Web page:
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How to administer an estate or trust

Jan 2017

When you are named as a personal representative in a will, or a trustee in a trust, there are some important tasks that come along with your role.

First, order at least 10 death certificates right away, which can be done from the funeral director. It’s always less expensive and quicker than ordering additional copies later on. An EIN # (federal taxpayer identification number) will need to be established. You will probably not be able to access any of the deceased’s assets immediately. If there is a will that needs to be probated, you will have to wait until the court appoints you as the personal representative. If there is a trust and you were not an acting trustee during the deceased’s lifetime, you will need to sign a Consent to Act and a Certificate of Trust, establishing your authority as the trustee.

In your role administering an estate or trust, you must create an inventory. This is a complete list of all the assets in the estate or trust, valued on the date of the decedent’s death. This is going to be the starting value on the accounting. The accounting will show all expenses, income, receipts and distributions from the estate or trust account, down to the final penny. You must keep a record of every expense. Keep detailed records and notes because it will make your role much easier, especially when you are trying to balance the final accounting. If possible, try to avoid paying expenses out of personal assets and then reimbursing yourself. This should only be done as a last resort and if absolutely necessary.

Remember, these assets are not yours and can only be used for appropriate estate or trust expenses, and then finally to distribute to the beneficiaries according to the estate planning instrument. You cannot give scholarships, gifts, or donations on behalf of the deceased, unless that was established in the will or trust.

Talk with a tax professional to determine what tax returns need to be filed to ensure timely filing. Also, an appraisal may be necessary or advisable.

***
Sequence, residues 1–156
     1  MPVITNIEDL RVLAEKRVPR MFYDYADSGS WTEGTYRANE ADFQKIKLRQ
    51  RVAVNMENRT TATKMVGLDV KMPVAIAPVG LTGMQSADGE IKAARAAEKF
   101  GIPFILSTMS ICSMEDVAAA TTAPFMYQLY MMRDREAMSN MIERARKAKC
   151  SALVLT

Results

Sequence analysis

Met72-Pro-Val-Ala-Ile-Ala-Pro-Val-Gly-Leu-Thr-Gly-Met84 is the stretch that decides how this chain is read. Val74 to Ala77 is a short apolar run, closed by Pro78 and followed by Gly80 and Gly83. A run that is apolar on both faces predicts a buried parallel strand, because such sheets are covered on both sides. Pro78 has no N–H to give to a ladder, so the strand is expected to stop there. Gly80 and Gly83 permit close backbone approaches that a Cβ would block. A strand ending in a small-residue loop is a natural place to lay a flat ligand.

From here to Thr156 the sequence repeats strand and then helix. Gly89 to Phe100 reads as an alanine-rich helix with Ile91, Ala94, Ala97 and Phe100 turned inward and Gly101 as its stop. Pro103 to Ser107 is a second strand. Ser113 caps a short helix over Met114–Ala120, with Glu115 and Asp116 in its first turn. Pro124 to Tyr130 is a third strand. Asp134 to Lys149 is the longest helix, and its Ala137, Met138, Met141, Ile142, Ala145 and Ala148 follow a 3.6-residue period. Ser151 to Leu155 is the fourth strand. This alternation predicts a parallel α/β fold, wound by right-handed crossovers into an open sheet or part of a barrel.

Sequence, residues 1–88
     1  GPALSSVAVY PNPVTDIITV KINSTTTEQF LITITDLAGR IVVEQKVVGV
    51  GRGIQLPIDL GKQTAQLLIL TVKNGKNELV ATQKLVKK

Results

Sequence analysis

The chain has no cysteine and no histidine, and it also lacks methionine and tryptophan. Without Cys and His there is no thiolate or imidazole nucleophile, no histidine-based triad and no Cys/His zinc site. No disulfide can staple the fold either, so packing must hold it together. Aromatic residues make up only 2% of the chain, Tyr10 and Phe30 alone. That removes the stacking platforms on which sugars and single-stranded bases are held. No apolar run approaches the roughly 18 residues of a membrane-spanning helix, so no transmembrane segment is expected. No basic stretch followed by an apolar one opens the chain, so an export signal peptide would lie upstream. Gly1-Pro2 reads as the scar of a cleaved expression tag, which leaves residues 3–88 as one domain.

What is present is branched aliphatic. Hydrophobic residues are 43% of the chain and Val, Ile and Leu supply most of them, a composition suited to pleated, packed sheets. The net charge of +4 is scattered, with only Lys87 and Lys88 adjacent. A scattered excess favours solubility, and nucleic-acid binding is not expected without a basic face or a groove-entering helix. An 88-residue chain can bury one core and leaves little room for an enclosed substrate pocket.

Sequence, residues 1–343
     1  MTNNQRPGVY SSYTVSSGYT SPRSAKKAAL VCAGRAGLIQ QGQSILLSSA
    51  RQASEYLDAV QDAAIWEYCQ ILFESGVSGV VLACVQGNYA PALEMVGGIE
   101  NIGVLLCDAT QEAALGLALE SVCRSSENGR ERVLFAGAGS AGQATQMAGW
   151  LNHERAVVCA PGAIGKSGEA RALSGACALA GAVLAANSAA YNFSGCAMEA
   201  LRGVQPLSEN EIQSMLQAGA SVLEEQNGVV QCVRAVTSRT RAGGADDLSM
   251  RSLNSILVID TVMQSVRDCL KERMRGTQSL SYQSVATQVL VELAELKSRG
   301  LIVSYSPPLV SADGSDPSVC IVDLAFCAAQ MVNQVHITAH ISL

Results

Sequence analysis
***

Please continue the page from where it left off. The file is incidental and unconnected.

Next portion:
For all distributions made to beneficiaries, make sure to receive a signed receipt acknowledging the receipt of a full or partial share of the distribution. You don’t want them coming back later saying they never received something.

It’s always best to hire a lawyer to assist you in your role, which can be funded by the estate or trust. When you handle an administration on your own, you are taking on personal liability, and acknowledging that you have fulfilled your tasks as outlined in the estate planning instrument. If you miss a step or something is not done completely or accurately, you could be held personally liable. If a mistake or error is discovered after the estate or trust has already been fully distributed to the beneficiaries, no funds remain to cover the cost for professional assistance and/or your time to correct the error, and now you are not only personally liable, but you must use your own personal finances and time.

It can be a big responsibility administering an estate, so don’t hesitate to pay yourself for your time and expenses from the estate or trust funds. You were named in the documents because the deceased trusted you and believed you would act honorably and complete the tasks timely and faithfully. You should feel honored, but now make sure to honor the deceased’s wishes with integrity.

Carissa Giebel is an estate planning attorney and the owner of Legacy Law Group, LLC. She can be contacted at This email address is being protected from spambots. You need JavaScript enabled to view it., or (920) 560-4651.

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